In 2015, colleagues at the University of Washington designed a novel framework to promote wellbeing on campus. The UW Resilience Lab aims to cultivate a culture of resilience that goes beyond the individual and reaches across the university’s three campuses and surrounding communities. A member of the Flourishing Academic Network (FAN), the lab drives systemic change through pedagogy and curriculum, interdisciplinary collaboration, research, strategic projects, and community engagement – all designed to help students thrive. 

The lab’s collective approach joins faculty, staff, and students with a wide range of academic backgrounds — Buddhist studies, economics, medicine — into conversation with one another. It is a living example of how, when bringing different people and departments together, colleges and universities have an opportunity to transcend individualistic ideas of wellness and instead engage community members in productive dialogue. At the University of Washington, that dialogue is driving systemic change.

Kizz Prusia, MPA, is the Community Impact Manager at the UW Resilience Lab. He describes a resilient campus as one that embodies a quality of spaciousness. “Is there space and psychological safety for students to engage in dialogue with each other and with faculty across disciplines and status or levels of hierarchy and power?” he asks. “Are there tools available to practice wellbeing and compassion?” Prusia’s work, much like the work of the lab as a whole, extends into many areas of campus life. The lab values collaboration and fosters symbiotic relationships with other offices and programs — the Evans School of Public Policy and Governance; the School of Social Work; the Center for Communication, Difference, and Equity; and the Center for Child and Family Development, to name a few. That collective approach sets them apart, Prusia says. “I’ve seen centers and groups, here and at other institutions, that are insular and siloed. In the Resilience Lab, we think about individual wellbeing, but we also think about our collective ability to adapt and learn together; to shift wellbeing from an individual responsibility to a community effort.”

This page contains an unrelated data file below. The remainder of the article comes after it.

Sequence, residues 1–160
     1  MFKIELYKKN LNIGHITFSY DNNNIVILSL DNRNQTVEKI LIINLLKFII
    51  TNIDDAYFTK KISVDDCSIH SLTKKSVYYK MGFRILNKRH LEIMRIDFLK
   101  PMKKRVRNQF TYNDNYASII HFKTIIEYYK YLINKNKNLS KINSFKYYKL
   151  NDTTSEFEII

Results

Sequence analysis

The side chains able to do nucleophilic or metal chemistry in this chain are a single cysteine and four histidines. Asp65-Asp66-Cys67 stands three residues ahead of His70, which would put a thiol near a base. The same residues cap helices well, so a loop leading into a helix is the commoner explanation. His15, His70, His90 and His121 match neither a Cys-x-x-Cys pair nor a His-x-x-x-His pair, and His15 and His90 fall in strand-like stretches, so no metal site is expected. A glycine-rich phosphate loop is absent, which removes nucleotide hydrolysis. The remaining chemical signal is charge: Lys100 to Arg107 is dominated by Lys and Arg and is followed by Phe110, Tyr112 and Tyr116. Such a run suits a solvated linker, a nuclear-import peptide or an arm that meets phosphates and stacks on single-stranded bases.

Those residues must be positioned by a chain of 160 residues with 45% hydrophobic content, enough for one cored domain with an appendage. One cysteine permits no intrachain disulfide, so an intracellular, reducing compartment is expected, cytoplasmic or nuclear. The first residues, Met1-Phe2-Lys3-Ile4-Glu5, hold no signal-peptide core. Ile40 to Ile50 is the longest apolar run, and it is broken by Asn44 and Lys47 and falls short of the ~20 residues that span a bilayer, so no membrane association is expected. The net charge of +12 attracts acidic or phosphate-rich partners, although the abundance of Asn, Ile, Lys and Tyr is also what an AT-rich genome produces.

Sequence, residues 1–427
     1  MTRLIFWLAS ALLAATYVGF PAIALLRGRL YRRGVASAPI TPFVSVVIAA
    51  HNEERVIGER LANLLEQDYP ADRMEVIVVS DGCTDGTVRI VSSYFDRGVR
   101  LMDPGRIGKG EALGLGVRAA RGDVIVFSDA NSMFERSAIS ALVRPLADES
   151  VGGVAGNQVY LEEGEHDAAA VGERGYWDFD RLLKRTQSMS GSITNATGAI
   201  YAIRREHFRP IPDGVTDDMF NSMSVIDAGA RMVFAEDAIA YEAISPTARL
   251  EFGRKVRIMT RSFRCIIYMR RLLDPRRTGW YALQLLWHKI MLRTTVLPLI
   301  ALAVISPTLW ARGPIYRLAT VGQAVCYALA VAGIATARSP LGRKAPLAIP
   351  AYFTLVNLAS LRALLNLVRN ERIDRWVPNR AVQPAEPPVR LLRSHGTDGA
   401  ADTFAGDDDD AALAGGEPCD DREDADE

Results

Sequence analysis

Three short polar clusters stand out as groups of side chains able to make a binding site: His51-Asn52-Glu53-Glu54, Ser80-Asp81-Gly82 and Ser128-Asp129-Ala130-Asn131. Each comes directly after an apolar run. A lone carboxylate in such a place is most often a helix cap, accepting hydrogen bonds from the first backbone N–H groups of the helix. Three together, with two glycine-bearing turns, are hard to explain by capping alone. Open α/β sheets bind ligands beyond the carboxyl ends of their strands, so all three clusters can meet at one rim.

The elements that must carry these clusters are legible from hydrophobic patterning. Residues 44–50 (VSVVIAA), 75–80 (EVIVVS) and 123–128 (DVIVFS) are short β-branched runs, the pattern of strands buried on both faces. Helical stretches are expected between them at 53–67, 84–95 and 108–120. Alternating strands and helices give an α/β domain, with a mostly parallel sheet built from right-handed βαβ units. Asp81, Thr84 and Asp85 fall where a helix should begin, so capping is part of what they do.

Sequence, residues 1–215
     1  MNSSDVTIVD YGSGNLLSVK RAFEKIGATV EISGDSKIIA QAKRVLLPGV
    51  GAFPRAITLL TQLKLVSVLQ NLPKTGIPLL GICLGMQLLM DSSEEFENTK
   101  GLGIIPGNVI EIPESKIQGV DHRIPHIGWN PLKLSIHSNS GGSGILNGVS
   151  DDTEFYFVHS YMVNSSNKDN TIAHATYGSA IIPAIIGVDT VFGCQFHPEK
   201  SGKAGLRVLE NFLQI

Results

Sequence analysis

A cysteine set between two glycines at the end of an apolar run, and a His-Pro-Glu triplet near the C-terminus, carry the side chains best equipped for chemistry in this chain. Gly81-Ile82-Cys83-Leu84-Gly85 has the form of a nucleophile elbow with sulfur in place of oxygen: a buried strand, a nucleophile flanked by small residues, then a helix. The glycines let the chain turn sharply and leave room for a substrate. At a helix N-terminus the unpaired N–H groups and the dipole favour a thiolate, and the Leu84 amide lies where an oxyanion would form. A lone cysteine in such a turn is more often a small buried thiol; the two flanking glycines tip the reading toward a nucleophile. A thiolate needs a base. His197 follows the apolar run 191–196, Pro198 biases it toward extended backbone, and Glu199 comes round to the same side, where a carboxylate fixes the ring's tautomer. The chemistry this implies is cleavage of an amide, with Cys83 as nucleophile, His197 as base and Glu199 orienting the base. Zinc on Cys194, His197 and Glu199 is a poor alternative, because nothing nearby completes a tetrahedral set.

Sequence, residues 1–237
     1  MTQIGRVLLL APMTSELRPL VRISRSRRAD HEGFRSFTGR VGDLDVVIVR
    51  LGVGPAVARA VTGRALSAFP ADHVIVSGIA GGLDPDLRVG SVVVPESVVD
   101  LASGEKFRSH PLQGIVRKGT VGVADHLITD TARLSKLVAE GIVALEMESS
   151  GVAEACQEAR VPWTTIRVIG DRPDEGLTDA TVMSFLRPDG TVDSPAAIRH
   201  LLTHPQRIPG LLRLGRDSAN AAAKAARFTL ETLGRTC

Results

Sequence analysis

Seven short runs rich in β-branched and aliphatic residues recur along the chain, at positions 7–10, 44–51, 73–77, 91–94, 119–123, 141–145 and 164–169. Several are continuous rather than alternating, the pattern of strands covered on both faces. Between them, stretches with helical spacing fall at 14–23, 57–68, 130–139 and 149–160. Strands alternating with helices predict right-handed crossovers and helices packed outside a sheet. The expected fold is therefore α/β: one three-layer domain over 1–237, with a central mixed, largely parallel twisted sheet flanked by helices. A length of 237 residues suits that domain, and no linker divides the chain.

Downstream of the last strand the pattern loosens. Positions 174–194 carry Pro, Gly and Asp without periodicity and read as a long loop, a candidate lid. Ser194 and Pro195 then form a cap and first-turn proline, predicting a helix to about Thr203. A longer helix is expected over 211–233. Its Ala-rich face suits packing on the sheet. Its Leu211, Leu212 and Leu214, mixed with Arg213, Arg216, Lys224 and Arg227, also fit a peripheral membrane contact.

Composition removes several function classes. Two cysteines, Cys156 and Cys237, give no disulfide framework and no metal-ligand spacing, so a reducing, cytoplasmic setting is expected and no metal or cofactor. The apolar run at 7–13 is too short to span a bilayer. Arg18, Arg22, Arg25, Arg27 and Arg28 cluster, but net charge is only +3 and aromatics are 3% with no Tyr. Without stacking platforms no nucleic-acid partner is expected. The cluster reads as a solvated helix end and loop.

Institutional Memory

Interdisciplinary initiatives maximize the Resilience Lab’s reach and impact across a large, multi-campus university. They also generate a new “institutional memory,” Prusia says, by embedding the culture of compassion and resilience into all domains of the student experience, planting the seeds of lasting change.

One such initiative, Resistance through Resilience (RTR), is the product of a collaboration between the Resilience Lab and the Center for Communication, Difference, and Equity. RTR is a new training and speaker series that engages community members on and off campus in the application of mindfulness practices to interrupt racism and its intersections. One example is discussions on examining the meaning of resilience in the lives of minoritized students, for whom resilience often connotes “toughing it out” through challenging circumstances — “muscling through,” Prusia says, sometimes at great costs. Working to change that definition, Resistance through Resilience expands the conversation around what resilience looks like for students of color, LGBTQ+ students, and other marginalized groups by exploring “different ways to resist what exists,” Prusia explains.

“We are looking at how systems operate, how we can make sense of an organizational culture, and where individual actors fit inside that broader context.”

“Those conversations have talked about joy, about rest, about resilience, and about radical listening,” he says. RTR promotes wellbeing through conversations around power, privilege, and the environments in which students and community members develop, learn, and thrive. The initiative highlights the Resilience Lab’s commitment to understanding the roles of both individuals and systems: with regard to anti-racist pedagogy, whole-person wellbeing, and community engagement, Prusia explains, “We are looking at how systems operate, how we can make sense of an organizational culture, and where individual actors fit inside that broader context.”